Miranda Franco is a senior policy advisor in Holland & Knight's Washington, D.C., office.
In March 2017, Speaker Paul Ryan announced that the House would not vote on the American Health Care Act (AHCA) because it appeared there was not sufficient support to pass the legislation. Members of the conservative House Freedom Caucus opposed the bill because they felt it did not do enough to repeal the Affordable Care Act (ACA). However, some moderate GOP members were concerned with the bill's impact on coverage.
Following the legislative setback, Republicans are attempting to determine their next steps. Accordingly, White House officials on April 3, 2017, met separately with moderate and conservative Republicans to discuss potential changes to the ACA repeal legislation that may open the door to reviving the bill. White House officials floated proposals that would allow states to request waivers to opt out of the ACA's community rating provision, which prevents insurers from charging sick consumers high premiums and the essential health benefits provision, which mandates coverage across ten broad categories.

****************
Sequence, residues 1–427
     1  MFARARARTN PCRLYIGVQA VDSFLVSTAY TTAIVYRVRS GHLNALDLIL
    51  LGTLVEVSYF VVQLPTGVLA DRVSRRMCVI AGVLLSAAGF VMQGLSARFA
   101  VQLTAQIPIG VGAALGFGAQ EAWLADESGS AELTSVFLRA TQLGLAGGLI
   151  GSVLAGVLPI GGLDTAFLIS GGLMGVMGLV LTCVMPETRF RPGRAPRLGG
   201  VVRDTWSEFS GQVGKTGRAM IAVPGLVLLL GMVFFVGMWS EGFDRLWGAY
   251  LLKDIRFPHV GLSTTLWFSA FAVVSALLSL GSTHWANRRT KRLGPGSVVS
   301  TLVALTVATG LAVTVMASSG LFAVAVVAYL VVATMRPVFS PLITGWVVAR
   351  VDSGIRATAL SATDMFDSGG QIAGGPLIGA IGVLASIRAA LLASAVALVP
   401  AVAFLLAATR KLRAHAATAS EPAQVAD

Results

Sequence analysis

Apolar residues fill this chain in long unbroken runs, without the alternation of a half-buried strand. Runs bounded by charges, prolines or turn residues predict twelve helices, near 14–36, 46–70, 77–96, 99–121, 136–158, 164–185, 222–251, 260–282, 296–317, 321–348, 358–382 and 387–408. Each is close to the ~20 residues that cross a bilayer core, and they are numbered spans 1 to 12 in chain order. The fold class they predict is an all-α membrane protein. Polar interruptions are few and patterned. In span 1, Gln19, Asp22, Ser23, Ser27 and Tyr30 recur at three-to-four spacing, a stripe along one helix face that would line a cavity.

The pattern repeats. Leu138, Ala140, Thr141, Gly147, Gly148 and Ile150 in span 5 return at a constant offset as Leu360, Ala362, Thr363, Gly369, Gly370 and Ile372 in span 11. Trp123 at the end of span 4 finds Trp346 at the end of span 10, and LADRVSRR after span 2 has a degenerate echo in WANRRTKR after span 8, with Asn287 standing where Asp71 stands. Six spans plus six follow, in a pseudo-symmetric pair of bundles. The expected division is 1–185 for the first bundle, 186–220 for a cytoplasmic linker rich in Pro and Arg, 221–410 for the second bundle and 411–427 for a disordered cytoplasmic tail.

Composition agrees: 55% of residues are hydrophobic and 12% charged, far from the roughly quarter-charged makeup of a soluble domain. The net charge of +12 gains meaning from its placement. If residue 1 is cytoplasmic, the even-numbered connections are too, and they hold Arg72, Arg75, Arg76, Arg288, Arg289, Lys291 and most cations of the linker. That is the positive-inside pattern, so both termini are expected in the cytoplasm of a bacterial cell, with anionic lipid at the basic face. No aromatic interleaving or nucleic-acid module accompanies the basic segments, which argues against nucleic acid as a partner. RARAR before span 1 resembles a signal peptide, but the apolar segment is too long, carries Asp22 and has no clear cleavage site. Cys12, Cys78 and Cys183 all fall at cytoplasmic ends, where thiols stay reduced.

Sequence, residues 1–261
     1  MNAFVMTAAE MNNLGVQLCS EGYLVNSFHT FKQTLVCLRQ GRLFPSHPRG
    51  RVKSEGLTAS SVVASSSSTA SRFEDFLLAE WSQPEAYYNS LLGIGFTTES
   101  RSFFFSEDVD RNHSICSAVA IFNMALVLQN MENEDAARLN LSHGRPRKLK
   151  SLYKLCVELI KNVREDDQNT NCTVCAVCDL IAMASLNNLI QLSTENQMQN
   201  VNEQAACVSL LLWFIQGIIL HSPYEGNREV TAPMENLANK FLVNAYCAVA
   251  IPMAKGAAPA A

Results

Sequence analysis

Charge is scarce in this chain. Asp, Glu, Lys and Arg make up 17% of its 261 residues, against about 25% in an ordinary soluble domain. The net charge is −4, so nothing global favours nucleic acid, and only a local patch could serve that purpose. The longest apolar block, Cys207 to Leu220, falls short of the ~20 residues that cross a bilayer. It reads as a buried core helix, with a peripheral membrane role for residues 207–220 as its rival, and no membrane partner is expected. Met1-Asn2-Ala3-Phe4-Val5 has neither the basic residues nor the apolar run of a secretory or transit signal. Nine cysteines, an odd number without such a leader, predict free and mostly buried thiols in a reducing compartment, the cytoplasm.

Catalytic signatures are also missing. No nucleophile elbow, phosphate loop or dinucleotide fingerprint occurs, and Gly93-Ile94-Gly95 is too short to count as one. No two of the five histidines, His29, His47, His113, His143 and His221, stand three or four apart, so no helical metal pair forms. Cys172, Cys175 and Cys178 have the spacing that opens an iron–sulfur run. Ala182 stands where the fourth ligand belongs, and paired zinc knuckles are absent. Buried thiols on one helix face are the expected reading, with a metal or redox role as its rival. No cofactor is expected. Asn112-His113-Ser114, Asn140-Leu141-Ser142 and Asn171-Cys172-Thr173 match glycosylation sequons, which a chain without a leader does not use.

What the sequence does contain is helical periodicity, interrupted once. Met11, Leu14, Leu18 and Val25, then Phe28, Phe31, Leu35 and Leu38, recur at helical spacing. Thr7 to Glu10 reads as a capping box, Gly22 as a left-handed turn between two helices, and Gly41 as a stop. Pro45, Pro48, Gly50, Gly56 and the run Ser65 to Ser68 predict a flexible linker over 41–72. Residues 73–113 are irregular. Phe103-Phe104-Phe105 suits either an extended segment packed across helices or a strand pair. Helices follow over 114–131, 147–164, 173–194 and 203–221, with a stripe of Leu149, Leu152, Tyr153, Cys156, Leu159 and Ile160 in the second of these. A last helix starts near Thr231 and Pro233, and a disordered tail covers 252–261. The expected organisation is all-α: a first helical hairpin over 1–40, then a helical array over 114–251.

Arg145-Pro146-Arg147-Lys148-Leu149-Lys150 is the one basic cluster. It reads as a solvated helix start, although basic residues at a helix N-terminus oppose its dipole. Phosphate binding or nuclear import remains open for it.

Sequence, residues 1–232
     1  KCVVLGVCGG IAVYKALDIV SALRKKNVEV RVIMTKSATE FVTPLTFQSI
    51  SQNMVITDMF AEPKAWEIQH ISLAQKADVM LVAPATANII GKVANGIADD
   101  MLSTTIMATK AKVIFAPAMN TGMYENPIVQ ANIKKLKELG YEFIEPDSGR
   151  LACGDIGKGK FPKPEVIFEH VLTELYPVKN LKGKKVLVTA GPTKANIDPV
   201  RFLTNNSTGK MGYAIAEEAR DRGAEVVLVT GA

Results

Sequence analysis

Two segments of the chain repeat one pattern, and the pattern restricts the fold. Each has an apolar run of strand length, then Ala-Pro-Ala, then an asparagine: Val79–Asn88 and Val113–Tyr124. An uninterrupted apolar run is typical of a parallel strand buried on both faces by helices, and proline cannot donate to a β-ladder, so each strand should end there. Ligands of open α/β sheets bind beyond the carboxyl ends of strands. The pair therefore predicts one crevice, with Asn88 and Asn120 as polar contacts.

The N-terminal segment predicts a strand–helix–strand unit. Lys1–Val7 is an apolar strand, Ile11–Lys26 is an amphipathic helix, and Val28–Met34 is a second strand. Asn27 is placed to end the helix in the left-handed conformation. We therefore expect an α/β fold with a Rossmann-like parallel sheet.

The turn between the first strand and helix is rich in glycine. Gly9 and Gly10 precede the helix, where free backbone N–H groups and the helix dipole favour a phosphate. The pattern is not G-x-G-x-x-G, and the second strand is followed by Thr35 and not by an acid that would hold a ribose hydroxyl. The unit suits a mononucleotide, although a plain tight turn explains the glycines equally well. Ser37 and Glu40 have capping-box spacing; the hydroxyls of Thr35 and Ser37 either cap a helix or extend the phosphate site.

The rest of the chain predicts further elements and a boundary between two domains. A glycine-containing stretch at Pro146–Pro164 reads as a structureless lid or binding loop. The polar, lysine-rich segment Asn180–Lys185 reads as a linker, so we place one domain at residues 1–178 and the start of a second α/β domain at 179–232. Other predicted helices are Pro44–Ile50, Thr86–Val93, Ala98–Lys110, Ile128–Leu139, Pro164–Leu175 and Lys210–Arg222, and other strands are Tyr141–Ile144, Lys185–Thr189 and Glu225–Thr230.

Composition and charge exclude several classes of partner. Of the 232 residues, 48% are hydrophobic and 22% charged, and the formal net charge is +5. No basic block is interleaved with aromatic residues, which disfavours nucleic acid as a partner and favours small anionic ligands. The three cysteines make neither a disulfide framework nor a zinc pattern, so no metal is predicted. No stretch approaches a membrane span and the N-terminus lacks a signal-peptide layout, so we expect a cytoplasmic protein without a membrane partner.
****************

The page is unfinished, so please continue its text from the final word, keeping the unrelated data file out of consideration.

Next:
On April 6, 2017, the House Rules Committee advanced another provision in an impromptu meeting. The Committee voted 9-2 to adopt an amendment that creates a risk-sharing fund. The amendment was offered by Gary Palmer (R-Ala.) and David Schweikert (R-Ariz.), members of the Freedom Caucus, and would establish a $15 billion Federal Invisible Risk-Sharing Program from 2018-2026. The program is modeled after Maine's invisible high risk pool. In practice, Maine's pool functioned like a hybrid of a reinsurance program and a high-risk pool. It operated...